Herve Falciani
Hervé Falciani is wanted in Swizterland on charges of stealing bank account data from his old employer HSBC (Reuters)

Whistleblowing former HSBC systems engineer Hervé Falciani says that the tax evasion probe he is assisting in France and Spain should be widened to other countries in Europe.

Falciani is on the run from Swiss authorities, who want to charge him with stealing bank account data from his old employer HSBC in 2009, after he exposed sensitive customer information that is now being used by several governments to hunt tax evaders.

He has been in Paris giving evidence to French lawmakers as they draft new legislation against tax evasion. However, he lives in Spain where Swiss authorities have failed to extradite him. He is also helping the Spanish in their efforts to crack down on tax fraud.

"The investigations were blocked in various countries due to a lack of knowledge about the objective and the scale of the problem," said Falciani told Reuters.

"My hope is that several of those will now resume with new directions - we'll see in the coming months."

France has already used information supplied by Falciani to launch an investigation into whether HSBC helped French clients to illegally avoid tax. HSBC has denied these reports.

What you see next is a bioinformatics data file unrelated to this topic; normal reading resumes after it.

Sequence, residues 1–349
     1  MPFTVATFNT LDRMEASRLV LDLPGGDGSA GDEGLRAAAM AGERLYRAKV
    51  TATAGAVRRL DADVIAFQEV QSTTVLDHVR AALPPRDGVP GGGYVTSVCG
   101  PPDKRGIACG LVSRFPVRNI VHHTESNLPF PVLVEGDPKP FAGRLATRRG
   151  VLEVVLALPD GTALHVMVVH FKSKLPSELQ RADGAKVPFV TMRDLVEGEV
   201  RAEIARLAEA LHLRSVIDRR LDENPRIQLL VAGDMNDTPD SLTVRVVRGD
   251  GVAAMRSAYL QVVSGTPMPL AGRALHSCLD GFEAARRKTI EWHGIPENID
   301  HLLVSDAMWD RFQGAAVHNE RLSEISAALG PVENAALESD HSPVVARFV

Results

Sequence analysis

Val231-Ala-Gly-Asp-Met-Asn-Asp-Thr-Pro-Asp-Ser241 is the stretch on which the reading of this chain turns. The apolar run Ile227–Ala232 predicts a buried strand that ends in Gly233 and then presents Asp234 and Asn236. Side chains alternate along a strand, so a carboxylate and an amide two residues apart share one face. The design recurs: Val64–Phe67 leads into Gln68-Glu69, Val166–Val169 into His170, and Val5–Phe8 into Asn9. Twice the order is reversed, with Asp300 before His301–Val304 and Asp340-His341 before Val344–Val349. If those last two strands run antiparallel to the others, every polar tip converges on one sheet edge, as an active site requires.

"We require existing and new clients to be tax compliant and transparent about their tax affairs and cease relationships where the client is not tax compliant. HSBC complies with the law in all the territories in which it operates," said an HSBC spokesman.

Tax authorities in France, Italy, Spain and Germany have already used Falciani's leaked data to pursue billions of euros in lost taxes and have so far collected a total of €250m (£212.1m, $327m)

"The more effectively we fight against corruption and opaque financing, the greater the danger to my life," Falciani told Spanish website Eldiario.es in an interview after he successfully fought off extradition to Switzerland, adding "it's an economic war and we must be prepared to fight."

G8 leaders made an agreement on tackling tax evasion at a recent summit in Northern Ireland, though it fell short of a universal deal on detailed action.

"Private enterprise drives growth, reduces poverty, and creates jobs and prosperity for people around the world," said the summit delegates in the Lough Erne Declaration.

"Governments have a special responsibility to make proper rules and promote good governance. Fair taxes, increased transparency and open trade are vital drivers of this."

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